Shown back inside his train — a theme throughout the film that is touched on more explicitly at the end — the narrator refers to “the rugged new road of developing new Juche weapons: the road that our leader forged once again, with his do-or-die devotion, consolidating his obstinate and indomitable will that he will not trade for anything the dignity of the country and the people, and the bright future of the next generations!”
This line echoes a key point in the new year plenum speech being promoted since January 1 this year, that despite admittedly “urgently” needing sanctions relief, the DPRK “can never sell our dignity which we have so far defended as valuable as our own life, in hope for brilliant transformation.”
More footage is then shown of Kim out in the field getting his feet wet (a point often stressed in state media as proof of his devotion) in the process of guiding missile tests, followed by artificially animated still images of the missiles in the air after launch.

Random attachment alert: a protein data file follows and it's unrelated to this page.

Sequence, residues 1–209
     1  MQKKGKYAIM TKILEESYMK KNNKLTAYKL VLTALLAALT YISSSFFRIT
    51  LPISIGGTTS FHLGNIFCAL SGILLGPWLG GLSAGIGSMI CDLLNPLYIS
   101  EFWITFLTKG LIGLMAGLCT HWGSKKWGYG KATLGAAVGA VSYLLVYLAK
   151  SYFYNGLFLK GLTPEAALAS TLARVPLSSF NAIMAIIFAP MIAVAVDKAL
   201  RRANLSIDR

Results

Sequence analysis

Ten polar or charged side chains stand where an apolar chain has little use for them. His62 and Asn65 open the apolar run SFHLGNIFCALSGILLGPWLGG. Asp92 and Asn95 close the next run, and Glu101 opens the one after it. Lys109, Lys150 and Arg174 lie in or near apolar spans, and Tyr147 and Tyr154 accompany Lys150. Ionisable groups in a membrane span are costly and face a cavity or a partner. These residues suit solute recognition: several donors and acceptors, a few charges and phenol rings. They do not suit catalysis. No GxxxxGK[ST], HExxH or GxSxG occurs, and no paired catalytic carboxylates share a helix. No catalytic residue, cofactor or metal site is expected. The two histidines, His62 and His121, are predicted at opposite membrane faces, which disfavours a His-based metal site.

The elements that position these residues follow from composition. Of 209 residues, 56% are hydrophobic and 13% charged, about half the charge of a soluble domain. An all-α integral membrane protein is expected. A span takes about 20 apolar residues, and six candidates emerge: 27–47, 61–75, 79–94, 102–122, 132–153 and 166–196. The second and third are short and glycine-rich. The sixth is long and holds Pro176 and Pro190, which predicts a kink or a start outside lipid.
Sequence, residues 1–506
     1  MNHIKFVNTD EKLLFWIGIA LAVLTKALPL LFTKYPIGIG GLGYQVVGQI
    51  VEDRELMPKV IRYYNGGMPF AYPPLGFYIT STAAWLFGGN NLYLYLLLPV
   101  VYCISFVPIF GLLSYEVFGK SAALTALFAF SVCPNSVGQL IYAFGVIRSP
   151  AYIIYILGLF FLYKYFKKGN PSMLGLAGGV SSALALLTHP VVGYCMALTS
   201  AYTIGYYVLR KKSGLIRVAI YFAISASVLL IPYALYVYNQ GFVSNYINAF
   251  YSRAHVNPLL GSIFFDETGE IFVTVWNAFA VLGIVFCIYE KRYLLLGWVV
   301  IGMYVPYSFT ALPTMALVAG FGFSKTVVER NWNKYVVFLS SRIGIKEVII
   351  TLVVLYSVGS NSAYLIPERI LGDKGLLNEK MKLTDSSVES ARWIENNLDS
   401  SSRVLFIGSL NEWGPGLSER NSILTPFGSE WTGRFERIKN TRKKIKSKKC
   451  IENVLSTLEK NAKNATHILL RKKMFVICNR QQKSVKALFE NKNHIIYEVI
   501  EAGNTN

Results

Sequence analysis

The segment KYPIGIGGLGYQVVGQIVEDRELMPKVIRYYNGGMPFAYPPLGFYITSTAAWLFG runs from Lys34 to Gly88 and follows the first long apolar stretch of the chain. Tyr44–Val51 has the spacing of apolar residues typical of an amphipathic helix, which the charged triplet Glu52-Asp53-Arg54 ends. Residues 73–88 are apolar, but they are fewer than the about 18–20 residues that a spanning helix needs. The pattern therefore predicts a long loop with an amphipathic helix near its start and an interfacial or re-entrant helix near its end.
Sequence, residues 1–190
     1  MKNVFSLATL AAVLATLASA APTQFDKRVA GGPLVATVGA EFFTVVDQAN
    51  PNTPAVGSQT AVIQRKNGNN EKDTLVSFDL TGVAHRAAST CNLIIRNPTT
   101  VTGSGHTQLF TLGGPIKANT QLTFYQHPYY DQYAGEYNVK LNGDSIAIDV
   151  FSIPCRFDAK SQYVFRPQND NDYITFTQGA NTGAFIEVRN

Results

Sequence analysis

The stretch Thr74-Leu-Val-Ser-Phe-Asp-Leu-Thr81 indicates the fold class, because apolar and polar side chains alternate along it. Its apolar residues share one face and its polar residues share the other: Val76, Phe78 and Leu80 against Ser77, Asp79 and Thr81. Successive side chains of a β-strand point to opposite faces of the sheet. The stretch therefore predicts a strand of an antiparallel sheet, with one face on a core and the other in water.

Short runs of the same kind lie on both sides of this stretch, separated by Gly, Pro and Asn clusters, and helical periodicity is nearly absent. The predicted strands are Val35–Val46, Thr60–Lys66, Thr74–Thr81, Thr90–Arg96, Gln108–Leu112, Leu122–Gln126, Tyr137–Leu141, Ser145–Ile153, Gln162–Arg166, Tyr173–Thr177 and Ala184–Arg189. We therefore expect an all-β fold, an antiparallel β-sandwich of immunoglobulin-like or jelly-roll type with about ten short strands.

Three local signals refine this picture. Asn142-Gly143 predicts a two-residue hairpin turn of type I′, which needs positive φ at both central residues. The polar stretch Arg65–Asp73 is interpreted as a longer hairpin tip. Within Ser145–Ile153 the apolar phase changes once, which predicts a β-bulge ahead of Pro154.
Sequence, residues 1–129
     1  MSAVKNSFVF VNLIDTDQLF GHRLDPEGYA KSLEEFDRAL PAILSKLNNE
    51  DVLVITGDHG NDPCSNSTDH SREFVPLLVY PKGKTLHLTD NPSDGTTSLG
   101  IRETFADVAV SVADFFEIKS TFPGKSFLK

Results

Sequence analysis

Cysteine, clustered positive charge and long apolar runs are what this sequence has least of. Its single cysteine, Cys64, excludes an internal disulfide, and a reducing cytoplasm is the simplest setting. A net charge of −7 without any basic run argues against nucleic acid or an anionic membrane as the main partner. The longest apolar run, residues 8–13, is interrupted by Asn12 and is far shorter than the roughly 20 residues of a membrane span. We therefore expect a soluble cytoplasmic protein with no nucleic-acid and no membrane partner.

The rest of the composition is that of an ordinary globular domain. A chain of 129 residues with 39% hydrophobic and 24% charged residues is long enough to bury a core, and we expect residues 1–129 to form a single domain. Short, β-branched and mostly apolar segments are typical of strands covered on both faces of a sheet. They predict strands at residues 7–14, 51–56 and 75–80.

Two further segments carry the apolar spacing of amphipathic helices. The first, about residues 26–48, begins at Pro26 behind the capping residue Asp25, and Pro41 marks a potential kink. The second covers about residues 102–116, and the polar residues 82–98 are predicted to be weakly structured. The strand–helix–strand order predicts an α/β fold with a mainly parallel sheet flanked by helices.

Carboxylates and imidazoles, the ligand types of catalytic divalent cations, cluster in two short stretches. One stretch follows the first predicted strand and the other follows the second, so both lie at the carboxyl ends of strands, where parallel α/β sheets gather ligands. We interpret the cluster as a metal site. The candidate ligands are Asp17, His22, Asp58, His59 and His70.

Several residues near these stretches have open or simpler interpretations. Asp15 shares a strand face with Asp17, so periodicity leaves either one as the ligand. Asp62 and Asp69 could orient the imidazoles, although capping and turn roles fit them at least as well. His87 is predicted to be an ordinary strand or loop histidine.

The narrator said that in 2019 “each Juche missile that was born served as the unyielding lever lifting high Korea’s powerful force and status to the world — in the historic hour pointing to the time of undying peace on this land, where the path of the destruction of nuclear war, that the global community had not been able to avoid, was prevented.”
Speaking over images of the Pukguksong-3 SLBM launch, she said the newly-developed missiles served “to tame the thunder and lightning of invasion, and as the glorious treasured sword of independence and justice, the lightning rod of the planet protecting the peace of [our] powerful socialist country.”
The half-hour section on the year in military development ends with Kim hugging top military officials at missile test sites and the narrator praising his guidance and the work of the country’s defense scientists.
RESORTS FOR PLAY, BUT NOT WHEN I’M AWAY